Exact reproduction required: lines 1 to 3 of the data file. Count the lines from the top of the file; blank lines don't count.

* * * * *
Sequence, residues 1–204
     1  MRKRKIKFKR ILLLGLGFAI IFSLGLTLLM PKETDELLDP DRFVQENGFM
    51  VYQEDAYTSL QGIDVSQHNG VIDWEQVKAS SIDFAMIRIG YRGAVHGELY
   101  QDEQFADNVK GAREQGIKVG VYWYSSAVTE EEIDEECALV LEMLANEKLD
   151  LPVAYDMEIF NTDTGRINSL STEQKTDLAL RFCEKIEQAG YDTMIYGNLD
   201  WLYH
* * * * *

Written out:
Sequence, residues 1–204
     1  MRKRKIKFKR ILLLGLGFAI IFSLGLTLLM PKETDELLDP DRFVQENGFM
    51  VYQEDAYTSL QGIDVSQHNG VIDWEQVKAS SIDFAMIRIG YRGAVHGELY